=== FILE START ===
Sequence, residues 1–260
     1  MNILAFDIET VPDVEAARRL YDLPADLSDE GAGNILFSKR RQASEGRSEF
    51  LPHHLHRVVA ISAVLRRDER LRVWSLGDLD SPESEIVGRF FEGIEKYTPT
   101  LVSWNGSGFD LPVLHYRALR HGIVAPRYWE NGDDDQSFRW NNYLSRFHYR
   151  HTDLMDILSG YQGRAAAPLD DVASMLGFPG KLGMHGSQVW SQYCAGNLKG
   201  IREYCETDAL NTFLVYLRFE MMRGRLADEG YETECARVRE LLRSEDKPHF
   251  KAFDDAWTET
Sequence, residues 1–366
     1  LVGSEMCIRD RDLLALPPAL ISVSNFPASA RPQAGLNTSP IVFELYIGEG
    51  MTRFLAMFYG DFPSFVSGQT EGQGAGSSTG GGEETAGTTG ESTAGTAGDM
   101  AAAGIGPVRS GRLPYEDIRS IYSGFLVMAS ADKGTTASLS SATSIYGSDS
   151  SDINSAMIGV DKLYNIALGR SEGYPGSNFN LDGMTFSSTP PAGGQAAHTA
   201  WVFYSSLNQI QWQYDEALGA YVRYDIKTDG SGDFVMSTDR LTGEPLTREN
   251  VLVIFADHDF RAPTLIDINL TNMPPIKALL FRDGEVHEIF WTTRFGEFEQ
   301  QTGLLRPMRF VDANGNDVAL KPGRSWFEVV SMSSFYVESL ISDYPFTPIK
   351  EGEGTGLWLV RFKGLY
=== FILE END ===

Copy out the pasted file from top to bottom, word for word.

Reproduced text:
Sequence, residues 1–260
     1  MNILAFDIET VPDVEAARRL YDLPADLSDE GAGNILFSKR RQASEGRSEF
    51  LPHHLHRVVA ISAVLRRDER LRVWSLGDLD SPESEIVGRF FEGIEKYTPT
   101  LVSWNGSGFD LPVLHYRALR HGIVAPRYWE NGDDDQSFRW NNYLSRFHYR
   151  HTDLMDILSG YQGRAAAPLD DVASMLGFPG KLGMHGSQVW SQYCAGNLKG
   201  IREYCETDAL NTFLVYLRFE MMRGRLADEG YETECARVRE LLRSEDKPHF
   251  KAFDDAWTET
Sequence, residues 1–366
     1  LVGSEMCIRD RDLLALPPAL ISVSNFPASA RPQAGLNTSP IVFELYIGEG
    51  MTRFLAMFYG DFPSFVSGQT EGQGAGSSTG GGEETAGTTG ESTAGTAGDM
   101  AAAGIGPVRS GRLPYEDIRS IYSGFLVMAS ADKGTTASLS SATSIYGSDS
   151  SDINSAMIGV DKLYNIALGR SEGYPGSNFN LDGMTFSSTP PAGGQAAHTA
   201  WVFYSSLNQI QWQYDEALGA YVRYDIKTDG SGDFVMSTDR LTGEPLTREN
   251  VLVIFADHDF RAPTLIDINL TNMPPIKALL FRDGEVHEIF WTTRFGEFEQ
   301  QTGLLRPMRF VDANGNDVAL KPGRSWFEVV SMSSFYVESL ISDYPFTPIK
   351  EGEGTGLWLV RFKGLY